Criteria Criteria is not specified. Eligibility criteria are clearly defined before the review is conducted but may be revisited throughout the review. Inclusion & exclusion criteria is stated before the review is started.
Search Strategy Searches are not exhaustive or fully comprehensive.

Comprehensive sources and explicit and reproducible search strategy. Completeness determined by time/scope restraints.

Comprehensive search conducted in a systematic way that can be repeated. The process is well-documented and reported.
Study selection Often lacks clear reasons for why studies were included or excluded from review. Often broad - may differ depending on resources found. Reasons for including and excluding studies are explicit and informed by the research question.
Quality appraisal Often do not consider study quality or potential biases in study design. Variable - typically not done, or done in narrative form. Rigorous critical appraisal, and evaluation of study quality.
Recommended timeframe Weeks to months. 2-6 months.

9-12+ months.

Adapted from: University of South Australia Library Guide to Systematic Review and Boston University Library Guide to Systematic Reviews in Social Sciences

Steps involved in a systematic review

Steps involved in a systematic review

  1. Construct question
  2. Scoping search
  3. Devise protocol (plan)
  4. Conduct comprehensive search
  5. Select studies against eligibility criteria
  6. Appraise studies using quality checklist
  7. Data extraction
  8. Analyse results
  9. Interpret findings
  10. Disseminate report
A systematic review requires:
Time

A systematic review is a rigorous, time-consuming undertaking.

A team

You need to work with subject experts; at least one other reviewer for screening citations for relevance, and a librarian who can advise on suitable resources and develop the search strategies, if required. Someone is also required to manage the data and write up the report.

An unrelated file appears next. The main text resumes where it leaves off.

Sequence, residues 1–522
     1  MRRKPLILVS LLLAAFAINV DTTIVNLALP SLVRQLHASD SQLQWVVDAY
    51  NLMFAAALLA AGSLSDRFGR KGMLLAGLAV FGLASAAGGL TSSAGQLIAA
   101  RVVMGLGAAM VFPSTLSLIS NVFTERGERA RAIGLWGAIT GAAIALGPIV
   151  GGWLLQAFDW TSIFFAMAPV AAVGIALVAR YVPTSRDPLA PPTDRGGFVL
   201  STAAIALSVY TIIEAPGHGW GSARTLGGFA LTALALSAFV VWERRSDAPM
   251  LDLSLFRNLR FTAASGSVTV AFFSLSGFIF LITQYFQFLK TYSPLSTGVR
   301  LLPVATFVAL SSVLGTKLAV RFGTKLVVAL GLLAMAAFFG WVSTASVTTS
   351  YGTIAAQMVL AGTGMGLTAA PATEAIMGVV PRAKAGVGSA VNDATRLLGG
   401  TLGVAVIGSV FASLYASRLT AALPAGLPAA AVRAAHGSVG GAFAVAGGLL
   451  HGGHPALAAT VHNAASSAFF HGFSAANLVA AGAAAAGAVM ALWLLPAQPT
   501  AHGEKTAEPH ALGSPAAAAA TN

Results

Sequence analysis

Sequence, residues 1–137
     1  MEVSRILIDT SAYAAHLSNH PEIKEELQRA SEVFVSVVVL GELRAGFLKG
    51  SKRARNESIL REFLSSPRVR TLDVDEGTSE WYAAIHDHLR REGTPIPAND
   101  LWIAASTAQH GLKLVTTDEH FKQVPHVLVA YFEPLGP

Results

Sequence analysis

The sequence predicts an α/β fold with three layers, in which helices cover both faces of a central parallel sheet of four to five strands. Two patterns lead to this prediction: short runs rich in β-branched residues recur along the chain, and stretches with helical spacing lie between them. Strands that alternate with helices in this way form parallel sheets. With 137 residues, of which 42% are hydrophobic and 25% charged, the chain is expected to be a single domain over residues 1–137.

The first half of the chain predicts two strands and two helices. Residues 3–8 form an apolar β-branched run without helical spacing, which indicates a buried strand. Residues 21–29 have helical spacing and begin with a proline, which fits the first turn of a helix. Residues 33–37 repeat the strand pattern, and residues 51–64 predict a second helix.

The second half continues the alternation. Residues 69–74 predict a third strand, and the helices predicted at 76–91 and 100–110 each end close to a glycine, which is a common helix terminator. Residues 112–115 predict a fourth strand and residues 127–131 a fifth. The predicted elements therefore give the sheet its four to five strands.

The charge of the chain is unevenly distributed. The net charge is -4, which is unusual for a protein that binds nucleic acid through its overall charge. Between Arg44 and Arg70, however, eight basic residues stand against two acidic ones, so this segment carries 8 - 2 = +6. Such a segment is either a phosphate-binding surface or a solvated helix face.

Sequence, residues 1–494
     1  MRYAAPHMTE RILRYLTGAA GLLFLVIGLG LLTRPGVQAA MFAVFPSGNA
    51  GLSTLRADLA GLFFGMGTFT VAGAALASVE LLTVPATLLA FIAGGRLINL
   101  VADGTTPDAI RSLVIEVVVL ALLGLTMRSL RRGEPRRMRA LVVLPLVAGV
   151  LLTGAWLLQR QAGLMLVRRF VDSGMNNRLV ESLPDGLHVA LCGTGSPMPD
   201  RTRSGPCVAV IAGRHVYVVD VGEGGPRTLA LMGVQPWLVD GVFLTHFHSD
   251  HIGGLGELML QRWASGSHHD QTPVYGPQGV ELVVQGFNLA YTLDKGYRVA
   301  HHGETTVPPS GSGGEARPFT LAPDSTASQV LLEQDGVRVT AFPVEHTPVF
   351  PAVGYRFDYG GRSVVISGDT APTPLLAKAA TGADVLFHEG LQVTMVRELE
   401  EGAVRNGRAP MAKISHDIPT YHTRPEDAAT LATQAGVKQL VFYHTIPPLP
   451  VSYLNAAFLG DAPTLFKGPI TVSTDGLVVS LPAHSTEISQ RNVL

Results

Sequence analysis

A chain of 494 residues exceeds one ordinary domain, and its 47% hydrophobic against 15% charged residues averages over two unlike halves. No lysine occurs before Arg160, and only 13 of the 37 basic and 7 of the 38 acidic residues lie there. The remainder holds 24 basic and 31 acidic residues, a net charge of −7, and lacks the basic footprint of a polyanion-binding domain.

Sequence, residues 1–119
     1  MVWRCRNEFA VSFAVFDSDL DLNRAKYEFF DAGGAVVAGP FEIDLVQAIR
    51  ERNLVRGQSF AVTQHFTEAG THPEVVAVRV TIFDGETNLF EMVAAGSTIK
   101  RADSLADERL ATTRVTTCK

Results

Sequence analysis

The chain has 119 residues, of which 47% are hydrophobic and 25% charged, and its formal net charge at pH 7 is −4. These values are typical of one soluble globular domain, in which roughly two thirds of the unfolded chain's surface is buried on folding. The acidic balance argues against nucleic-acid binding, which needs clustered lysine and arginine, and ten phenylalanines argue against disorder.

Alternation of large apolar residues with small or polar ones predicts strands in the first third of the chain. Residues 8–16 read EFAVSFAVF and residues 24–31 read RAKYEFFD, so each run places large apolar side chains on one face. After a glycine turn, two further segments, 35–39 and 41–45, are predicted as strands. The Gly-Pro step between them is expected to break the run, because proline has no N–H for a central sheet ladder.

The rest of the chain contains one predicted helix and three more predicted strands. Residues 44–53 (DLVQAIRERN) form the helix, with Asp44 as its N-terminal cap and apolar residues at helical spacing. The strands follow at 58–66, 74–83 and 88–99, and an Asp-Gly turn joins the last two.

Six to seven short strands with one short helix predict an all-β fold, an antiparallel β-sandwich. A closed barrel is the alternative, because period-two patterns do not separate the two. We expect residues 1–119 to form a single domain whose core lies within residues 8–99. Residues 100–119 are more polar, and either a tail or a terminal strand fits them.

An initial scoping search

This will reveal if a systematic review has already been undertaken on your topic as well as highlight gaps in the knowledge base. A scoping search will also allow you to develop and pilot inclusion/exclusion criteria, and should give you an initial sense of the quantity of existing primary research on your topic (and therefore the scale of the project). 

A clearly focused question

This should flow from your initial search. The question should be worthy of an answer and should strike a suitable balance between being too broad or too narrow in scope. If appropriate, use the PICO framework to identify the important concepts in your question.

Clear inclusion/exclusion criteria

These should be based on your question. Consider all aspects of the topic such as age groups, geographic regions, types of study designs, languages, and the outcome measures that need to be described. Clear eligibility criteria will make it easier to identify relevant articles at the screening stage and prevent you being distracted by interesting but irrelevant studies.

A comprehensive literature search